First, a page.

Azure PaaS endpoint ACLs were recently announced to make securing Cloud Services containing Web and Worker Roles easier; prior to this you had to use firewall rules on the Windows VMs themselves, which needed to be created using a startup task and a bit of scripting to invoke
netsh or similar. This mixing of config and code meant that if you needed to change your firewall rules, you had to change the config scripts in your source repo and re-deploy.
The management of the endpoints has now been hoisted out of the VM world and can be configured on the Cloud Service itself, so the traffic is filtered before it even reaches the VMs within. The configuration for these endpoints and their associated ACLs lives in the Cloud Services
.cscfg file which tells Azure things like which Operating System family to use, whether Remote Desktop is enabled and so on. Now, we have a new
<NetworkConfiguration> element which can describe endpoints and their associated ACLs:
<Rule action="permit" description="test" order="100" remoteSubnet="22.214.171.124/32" />
<Rule action="permit" description="test" order="150" remoteSubnet="126.96.36.199/28" />
<Rule action="deny" description="test" order="200" remoteSubnet="0.0.0.0/0" />
<EndpointAcl role="WebRole1" endPoint="Endpoint1" accessControl="MyACL" />
Notice that we have a few concepts that will be familiar to those who have configured enterprise routers - we have ACLs objects which can be applied to more than one endpoint, should our service have them. The ACL rules are evaluated sequentially according to their
order property, and like a regular firewall, the last rule denies all traffic from everywhere. Therefore the order matters - the first rule matching the source 'wins' and the rest are ignored. Also notice that we use CIDR notation for specifying source networks.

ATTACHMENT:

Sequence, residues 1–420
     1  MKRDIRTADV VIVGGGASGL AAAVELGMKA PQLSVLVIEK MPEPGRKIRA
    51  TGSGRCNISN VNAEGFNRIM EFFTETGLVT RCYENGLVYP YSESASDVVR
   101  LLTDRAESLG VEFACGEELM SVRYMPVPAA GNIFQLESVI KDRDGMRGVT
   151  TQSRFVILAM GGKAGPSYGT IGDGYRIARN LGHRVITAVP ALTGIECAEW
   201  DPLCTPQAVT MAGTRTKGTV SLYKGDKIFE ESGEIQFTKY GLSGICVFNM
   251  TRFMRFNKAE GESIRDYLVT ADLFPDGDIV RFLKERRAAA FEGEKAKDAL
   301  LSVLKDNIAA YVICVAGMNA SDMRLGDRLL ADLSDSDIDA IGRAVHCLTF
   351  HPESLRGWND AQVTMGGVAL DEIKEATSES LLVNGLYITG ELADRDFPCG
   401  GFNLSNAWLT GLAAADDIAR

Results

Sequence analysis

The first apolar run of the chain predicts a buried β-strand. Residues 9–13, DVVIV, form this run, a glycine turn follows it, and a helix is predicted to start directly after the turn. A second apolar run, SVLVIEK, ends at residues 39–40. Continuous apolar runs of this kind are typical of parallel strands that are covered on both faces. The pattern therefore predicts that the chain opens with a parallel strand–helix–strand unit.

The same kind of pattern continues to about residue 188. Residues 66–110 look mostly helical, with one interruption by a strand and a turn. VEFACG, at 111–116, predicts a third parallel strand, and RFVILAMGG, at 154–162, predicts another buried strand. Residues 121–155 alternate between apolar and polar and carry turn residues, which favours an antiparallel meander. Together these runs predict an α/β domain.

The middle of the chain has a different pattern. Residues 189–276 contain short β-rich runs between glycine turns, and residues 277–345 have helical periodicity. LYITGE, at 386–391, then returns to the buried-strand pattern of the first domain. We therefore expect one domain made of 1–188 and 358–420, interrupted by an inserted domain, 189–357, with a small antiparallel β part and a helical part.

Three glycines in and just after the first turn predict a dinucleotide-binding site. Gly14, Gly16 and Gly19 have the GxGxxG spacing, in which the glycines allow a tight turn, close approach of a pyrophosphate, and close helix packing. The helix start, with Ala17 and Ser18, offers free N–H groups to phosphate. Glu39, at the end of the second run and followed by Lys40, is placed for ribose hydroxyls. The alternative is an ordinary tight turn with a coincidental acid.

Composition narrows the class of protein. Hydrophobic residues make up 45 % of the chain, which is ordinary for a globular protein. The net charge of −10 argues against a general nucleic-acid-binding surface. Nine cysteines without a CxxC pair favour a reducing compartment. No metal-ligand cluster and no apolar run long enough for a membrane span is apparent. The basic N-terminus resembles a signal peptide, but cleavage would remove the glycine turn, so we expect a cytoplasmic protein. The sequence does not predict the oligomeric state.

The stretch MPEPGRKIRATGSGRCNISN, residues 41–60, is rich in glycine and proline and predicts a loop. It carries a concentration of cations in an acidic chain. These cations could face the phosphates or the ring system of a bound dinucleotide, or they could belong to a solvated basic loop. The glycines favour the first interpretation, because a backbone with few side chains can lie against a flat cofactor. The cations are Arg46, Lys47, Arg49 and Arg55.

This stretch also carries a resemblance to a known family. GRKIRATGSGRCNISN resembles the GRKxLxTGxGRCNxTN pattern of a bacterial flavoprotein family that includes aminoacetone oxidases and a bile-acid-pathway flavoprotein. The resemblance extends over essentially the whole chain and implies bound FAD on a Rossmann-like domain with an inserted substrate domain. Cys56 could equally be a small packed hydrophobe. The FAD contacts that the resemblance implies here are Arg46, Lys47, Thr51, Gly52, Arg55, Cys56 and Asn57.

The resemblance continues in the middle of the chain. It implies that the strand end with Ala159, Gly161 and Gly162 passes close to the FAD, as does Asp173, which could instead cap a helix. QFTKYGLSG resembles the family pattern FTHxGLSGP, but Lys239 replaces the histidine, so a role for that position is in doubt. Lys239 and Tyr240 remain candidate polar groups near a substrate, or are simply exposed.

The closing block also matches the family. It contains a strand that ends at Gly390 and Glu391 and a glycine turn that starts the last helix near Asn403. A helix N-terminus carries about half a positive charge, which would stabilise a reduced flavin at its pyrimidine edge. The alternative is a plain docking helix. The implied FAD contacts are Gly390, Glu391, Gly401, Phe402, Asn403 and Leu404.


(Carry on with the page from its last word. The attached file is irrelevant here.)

Separation of Code and Config
Here's the thing: the .cscfg can be thought of as logically separate from the Web/Worker role configuration within the Cloud Service - and as such this can actually be updated and deployed alone, without deploying the code too. The only part where this "code vs config" separation of concerns breaks down somewhat is that the endpoints themselves are still managed via the Cloud Service definition (
.csdef). This does make sense if you think about it - the Cloud Service is like a NAT router and firewall in the physical world, but the endpoints still live on the web servers themselves.
Your Cloud Service's
.cscfg files will still live in the same source repo that they always did, but now if you commit a change to that configuration, you don't need to re-deploy the whole app. And if you wanted to manage the configuration in a separate repo, you could probably do that too fairly easily, with some careful thought. More on that later in this series.
Updating Cloud Service config on the fly
Updating the existing in-place
.cscfg on a Cloud Service is remarkably straightforward, and if you're just updating ACL rules then this will cause your app no interruptions whatsoever. Under the hood it's probably the same process as updating a VM Cloud Service ACL via the Azure Management Portal, it's just that this hasn't been exposed to the UI yet.
You can retrieve and change the configuration via a couple of very simple PowerShell cmdlets:
The first of the two will give you the existing config only after drilling down to the
Configuration property, so if you want an XML object containing the current
.cscfg data you could do:
$configXML = [XML] (Get-AzureDeployment -ServiceName "myService").Configuration
Set-AzureDeployment cmdlet only allows you to replace the existing config by giving it a fully-formed
.cscfg file, like so:
Set-AzureDeployment -config -ServiceName "myService" -Slot Production -Configuration ".\myService.cscfg"
Next: Keeping it stable
OK, so assuming that you may have decided that you're going to manage your Cloud Service ACLs separately from the code repo, the above should give you everything you need to keep things in check. You don't want errant ACL entries from Dev/QA systems openining up your endpoints to traffic that is undesired. How can you keep that from happening, even after deployment? I'll cover that in the next couple of posts in this series.